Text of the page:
Searching For God In The Times

Meiko Seymour
Meiko Seymour

city bridge flag searching for God troubled times

I feel like the world changed on Friday November 13, 2015. Yep, I’m talking about the Paris attacks.

We’d just seen bombings in Beirut, and terrorists claimed responsibility for the downing of a Russian passenger airliner in Egypt on its way to St. Petersburg, Russia. And while these types of incidents have been on the rise, the recent events have thrown us all into a new world — a scared, divided world.

Every stream in the social media-sphere is littered with opinion, photos, graphic accounts, etc. With the advent of the 24 hour news cycle, we [think we] know every move, every political angle, military action that is being carried out.

Here in the states, we’re deep into the Presidential Primary Season, and candidates and political parties are using events to spread their “gospel”.

Where just one week before, our biggest social-cultural battle was why Starbucks decided to take “Christmas symbols” off of their holiday cups to wondering how we’d welcome Syrian Refugees if we’d welcome them at all.

We’ve drawn lines in the sand.

You’re either on one side or the other. There is no compromise. No conversation. Just rhetoric that remains divided and ugly. The God that we represent seems to be fractured.

In fact, from the outside looking in, I’d have a hard time characterizing him. We feed the hungry. No, we don’t feed them because they should get jobs. We welcome people into our homes. No, we shut the door because they look different than we do. All lives matter. No, some are superior based on socio-economic standing.

If you want to close the borders, you are labeled a republican crazy. If you want to keep the borders open, you’re a liberal nut-job.

Our bios read, “Child of God” or “Follower of Christ”. We fall trap to the Memes that ask us to “Type AMEN if we agree God is Able” or “Like for a Blessing”.

We “follow” Christ but who HE is based on what we reflect is lost on me.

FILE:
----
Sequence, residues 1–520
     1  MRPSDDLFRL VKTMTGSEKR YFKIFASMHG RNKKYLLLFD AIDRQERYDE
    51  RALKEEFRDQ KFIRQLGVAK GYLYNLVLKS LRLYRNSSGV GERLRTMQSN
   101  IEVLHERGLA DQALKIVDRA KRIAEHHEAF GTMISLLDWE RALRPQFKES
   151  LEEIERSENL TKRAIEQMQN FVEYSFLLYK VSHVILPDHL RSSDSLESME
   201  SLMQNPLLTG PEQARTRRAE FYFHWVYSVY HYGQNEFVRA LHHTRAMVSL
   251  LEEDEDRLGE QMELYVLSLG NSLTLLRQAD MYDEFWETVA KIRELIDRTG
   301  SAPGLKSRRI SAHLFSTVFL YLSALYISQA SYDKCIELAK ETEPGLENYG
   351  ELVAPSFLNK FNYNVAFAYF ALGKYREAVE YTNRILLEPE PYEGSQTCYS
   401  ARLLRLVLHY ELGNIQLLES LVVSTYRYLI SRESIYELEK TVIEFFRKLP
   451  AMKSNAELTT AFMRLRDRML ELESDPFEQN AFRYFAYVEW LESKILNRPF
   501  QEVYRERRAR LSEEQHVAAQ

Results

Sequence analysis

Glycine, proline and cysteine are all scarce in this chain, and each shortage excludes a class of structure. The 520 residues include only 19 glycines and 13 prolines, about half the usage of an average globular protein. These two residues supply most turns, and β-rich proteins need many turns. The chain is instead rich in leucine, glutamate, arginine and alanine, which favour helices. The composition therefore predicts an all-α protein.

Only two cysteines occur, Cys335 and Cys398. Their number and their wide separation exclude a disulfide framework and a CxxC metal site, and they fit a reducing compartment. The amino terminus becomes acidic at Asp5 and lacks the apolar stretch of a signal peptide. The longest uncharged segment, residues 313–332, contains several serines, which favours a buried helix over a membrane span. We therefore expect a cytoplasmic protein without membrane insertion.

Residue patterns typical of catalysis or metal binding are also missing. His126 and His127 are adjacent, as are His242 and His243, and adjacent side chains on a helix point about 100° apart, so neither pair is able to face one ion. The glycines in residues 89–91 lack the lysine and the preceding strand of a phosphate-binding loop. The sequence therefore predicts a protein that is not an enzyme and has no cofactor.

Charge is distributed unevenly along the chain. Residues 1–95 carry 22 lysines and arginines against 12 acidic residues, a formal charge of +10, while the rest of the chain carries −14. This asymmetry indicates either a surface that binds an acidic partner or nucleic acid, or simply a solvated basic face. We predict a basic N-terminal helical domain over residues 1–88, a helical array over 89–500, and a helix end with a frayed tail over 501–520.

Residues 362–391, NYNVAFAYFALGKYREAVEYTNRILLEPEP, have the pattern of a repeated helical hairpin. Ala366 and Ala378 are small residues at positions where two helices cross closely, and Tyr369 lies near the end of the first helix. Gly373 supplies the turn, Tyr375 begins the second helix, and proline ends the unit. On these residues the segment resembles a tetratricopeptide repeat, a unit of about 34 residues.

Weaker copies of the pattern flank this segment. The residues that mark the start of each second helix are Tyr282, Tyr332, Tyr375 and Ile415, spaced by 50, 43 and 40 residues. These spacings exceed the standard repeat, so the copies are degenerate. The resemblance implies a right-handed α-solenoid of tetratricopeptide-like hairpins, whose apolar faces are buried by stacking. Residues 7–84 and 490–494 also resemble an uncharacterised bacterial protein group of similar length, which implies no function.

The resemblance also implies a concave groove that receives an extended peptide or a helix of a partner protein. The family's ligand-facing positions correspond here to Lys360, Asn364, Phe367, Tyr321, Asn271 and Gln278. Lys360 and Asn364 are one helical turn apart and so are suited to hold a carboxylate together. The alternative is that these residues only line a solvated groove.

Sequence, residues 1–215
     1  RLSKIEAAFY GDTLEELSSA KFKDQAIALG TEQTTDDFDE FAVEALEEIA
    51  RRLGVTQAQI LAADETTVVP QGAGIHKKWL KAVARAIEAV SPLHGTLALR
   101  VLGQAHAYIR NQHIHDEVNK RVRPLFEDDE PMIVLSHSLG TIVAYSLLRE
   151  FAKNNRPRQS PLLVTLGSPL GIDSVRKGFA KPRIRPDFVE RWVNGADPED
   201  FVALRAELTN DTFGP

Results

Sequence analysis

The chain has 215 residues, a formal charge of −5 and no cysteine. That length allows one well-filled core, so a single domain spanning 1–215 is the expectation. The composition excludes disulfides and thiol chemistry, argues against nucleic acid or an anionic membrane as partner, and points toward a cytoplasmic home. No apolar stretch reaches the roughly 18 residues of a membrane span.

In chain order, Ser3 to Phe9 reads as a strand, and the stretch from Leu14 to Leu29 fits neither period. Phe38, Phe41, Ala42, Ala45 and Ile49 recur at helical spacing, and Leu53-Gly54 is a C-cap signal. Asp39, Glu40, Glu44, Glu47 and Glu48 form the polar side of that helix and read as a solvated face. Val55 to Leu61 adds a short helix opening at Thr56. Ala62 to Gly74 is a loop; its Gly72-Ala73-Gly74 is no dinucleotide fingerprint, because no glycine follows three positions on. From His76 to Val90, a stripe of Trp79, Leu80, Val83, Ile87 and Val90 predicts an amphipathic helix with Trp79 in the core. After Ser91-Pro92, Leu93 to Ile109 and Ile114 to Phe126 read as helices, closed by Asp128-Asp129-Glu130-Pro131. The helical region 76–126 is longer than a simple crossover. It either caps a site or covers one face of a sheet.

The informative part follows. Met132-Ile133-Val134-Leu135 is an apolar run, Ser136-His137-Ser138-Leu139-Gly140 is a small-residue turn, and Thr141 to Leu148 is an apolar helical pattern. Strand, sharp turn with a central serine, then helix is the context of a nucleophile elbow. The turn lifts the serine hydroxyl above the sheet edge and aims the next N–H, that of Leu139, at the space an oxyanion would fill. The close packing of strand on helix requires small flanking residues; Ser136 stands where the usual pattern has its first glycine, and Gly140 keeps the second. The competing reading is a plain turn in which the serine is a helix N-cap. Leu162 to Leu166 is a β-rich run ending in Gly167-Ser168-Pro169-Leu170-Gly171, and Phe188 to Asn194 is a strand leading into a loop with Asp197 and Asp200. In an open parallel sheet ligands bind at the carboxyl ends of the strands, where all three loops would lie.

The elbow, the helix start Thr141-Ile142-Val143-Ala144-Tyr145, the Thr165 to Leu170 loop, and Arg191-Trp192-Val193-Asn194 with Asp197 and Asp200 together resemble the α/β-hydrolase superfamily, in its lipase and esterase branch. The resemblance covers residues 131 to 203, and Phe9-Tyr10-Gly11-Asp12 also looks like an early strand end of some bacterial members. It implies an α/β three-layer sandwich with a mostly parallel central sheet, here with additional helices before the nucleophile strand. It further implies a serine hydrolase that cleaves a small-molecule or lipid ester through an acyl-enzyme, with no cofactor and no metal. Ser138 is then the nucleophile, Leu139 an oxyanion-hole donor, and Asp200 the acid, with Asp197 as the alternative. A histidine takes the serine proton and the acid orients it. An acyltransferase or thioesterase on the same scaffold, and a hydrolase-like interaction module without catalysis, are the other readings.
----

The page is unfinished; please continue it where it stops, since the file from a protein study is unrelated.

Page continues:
If I’m being honest, I’ve found myself digging deeper and deeper into God’s word during these days full of strife and confusion and anger and hurt.

I’m searching for God in the noise (aren’t we all). I’m searching for God in the ruble — in the echoes of gun fire, in the bewildered soccer spectators, in the eyes of the rock band as they watched gun-men shooting into the audience. I’m searching for God in the barely eaten dinner on the cafe breeze-way.

I’m searching for God in the lives of the family members who had no idea their cousin or son had been radicalized. I’m searching for God in those without home because to governmental rule of their home country is stifling and life ending. I’m searching for God in the times — these days where we are grasping at anything that may look like hope, whether human made or from God himself.

And I’m asking Him what is it you’d have me do — who would you have me be.

And He answers.

“At one time we too were foolish, disobedient, deceived and enslaved by all kinds of passions and pleasures. We lived in malice and envy, being hated and hating one another. But when the kindness and love of God our Savior appeared, he saved us, not because of righteous things we had done, but because of his mercy. He saved us through the washing of rebirth and renewal by the Holy Spirit, whom he poured out on us generously through Jesus Christ our Savior, so that, having been justified by his grace, we might become heirs having the hope of eternal life. This is a trustworthy saying. And I want you to stress these things, so that those who have trusted in God may be careful to devote themselves to doing what is good. These things are excellent and profitable for everyone. But avoid foolish controversies and genealogies and arguments and quarrels about the law, because these are unprofitable and useless. Warn a divisive person once, and then warn them a second time. After that, have nothing to do with them. You may be sure that such people are warped and sinful; they are self-condemned.”
Titus 3:3-11 NIV

I may not be able to fully contribute to the international dialogue or sit in a meeting with the UN Secretary General, but I can react to these times according to how God would like me to. Love. Make sure that my integrity is in essence in line with the word of God.

I don’t have the answers. I don’t know what will happen next. I don’t know what we should do about the refugee crisis. I’m confused on a lot of it.

However, I know rather than spewing vitriol, I can pray. I can ask God to have his way and use me in the process. I can love. I can, in the times ahead, preach the Gospel and show people the Way.

Times may get worse, but God will remain. Hallelujah. That’s good news!


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